Photonics is an SME-driven, export-oriented as well as knowledge-intensive part of the German economy. Increasingly complex optical functions are needed here for applications in sensor technology, quantum technologies and communication. Photonics Integrated Circuits (PICs) are an essential tool for this. Up to now, PICs have been developed mainly for optical data transmission, driven by the high volumes that allowed high development costs. The HHI has worldwide expertise in this area, especially for the material platform indium phosphide (InP). InP is ideal for optical communication, but cannot be used for applications such as sensor technology with wavelengths <1250 nm. New PIC technologies must be developed for this spectral range.
The goal of RAINBOW is to open up new wavelength ranges for PICs to enable a variety of new applications outside of data transmission. Of particular interest are wavelengths up to the short-wave edge of the visible spectral range at λ = 450 nm. In this spectral range, there are essential sensor technologies such as LIDAR (980 nm), OCT (1060 - 1300 nm) or ultra-sensitive magnetic field sensor technologies in medical applications based on NV centres in diamond nanocrystals (637 nm). Medical diagnostic applications also rely on optically detectable biomarkers, which typically fluoresce at wavelengths <670 nm.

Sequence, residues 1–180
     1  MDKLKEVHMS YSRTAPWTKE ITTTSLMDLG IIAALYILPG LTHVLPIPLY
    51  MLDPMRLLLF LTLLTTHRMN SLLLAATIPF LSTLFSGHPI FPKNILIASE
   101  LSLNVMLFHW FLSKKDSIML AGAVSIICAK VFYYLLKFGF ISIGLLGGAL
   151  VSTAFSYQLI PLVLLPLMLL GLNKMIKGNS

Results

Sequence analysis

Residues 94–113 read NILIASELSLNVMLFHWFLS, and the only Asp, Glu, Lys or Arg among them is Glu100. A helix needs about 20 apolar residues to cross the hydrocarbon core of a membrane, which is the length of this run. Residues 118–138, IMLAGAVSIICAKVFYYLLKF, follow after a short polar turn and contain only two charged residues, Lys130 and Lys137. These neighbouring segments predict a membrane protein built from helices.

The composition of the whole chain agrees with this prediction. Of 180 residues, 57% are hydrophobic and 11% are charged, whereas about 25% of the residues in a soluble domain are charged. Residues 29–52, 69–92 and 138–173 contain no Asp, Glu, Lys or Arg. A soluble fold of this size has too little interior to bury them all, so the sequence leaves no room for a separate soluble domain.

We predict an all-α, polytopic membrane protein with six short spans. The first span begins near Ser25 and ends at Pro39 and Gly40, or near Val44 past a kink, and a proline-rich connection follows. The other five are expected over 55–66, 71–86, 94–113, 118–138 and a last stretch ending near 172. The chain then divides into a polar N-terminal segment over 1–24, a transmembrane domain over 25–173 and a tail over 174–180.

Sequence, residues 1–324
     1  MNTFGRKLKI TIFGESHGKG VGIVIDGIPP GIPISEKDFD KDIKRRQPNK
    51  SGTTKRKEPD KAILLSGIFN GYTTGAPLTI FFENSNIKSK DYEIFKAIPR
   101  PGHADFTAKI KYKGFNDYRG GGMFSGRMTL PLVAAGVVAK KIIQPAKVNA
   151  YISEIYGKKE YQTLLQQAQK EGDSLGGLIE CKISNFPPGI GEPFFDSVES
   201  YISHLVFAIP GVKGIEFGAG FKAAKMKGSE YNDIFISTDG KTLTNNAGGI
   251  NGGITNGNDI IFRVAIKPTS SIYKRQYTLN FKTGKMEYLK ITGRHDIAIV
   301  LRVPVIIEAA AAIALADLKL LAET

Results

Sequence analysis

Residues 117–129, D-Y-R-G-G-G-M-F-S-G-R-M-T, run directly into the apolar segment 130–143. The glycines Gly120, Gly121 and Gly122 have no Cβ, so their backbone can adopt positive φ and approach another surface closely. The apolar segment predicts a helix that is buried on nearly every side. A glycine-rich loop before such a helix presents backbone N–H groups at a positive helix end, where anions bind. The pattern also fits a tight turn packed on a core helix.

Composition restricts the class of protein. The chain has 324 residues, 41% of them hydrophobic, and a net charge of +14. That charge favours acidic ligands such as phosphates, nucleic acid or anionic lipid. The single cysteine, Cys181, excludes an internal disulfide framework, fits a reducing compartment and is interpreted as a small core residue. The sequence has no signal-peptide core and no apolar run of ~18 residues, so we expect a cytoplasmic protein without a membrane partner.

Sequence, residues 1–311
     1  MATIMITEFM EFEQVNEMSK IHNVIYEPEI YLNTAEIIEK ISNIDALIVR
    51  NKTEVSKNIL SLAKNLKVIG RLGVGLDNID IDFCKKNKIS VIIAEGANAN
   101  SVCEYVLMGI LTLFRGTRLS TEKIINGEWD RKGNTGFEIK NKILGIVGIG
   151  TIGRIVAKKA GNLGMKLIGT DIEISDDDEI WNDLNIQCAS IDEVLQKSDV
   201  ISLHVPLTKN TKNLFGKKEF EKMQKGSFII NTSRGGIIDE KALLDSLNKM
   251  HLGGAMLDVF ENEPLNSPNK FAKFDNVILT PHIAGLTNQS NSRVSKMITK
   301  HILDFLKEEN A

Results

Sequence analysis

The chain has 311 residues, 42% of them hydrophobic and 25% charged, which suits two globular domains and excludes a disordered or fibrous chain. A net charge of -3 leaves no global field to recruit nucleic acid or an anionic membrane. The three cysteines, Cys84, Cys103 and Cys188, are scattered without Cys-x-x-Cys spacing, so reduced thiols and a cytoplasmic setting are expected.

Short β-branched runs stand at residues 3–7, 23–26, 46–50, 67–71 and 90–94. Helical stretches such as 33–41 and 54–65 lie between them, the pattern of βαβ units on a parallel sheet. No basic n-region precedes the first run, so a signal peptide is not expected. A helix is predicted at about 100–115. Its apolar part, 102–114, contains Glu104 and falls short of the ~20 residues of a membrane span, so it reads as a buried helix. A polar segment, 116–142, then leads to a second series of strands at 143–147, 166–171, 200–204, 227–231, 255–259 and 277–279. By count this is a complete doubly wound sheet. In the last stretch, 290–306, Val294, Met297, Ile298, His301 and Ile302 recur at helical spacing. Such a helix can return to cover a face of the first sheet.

The main challenge for extending the wavelength range of PICs is the lack of availability of a uniform material and component base for the key integrated-optical functions. In the RAINBOW project, this gap will be closed by a hybrid combination of different material platforms, which will allow the full potential of highly integrated optics to be exploited in the spectral range from 450 nm to 1650 nm. To this end, three key technologies are being advanced: the establishment of an integrated-optics platform based on new lithium niobate (LiNbO3 abbreviated: LN-on-Insulator (LNoI) materials, the expansion of the spectral range of Si3N4-integrated optical waveguides, as well as their hybrid integration with other active and passive components to form compact PICs. The aforementioned materials enable the development of this very large spectral range, and the hybrid integration ensures direct connection to established systems based on silicon (Si), InP or GaAs.
The result is a novel and highly flexible technology platform whose application potential, which has been substantially expanded compared to established approaches, is underlined in the project by three demonstrators. These realise sophisticated demonstrators such as a chip-integrated frequency conversion for sensor technology, PICs for a broadband 50 GHz modulator for data transmission, and a chip-based, cross-octave frequency comb for metrology.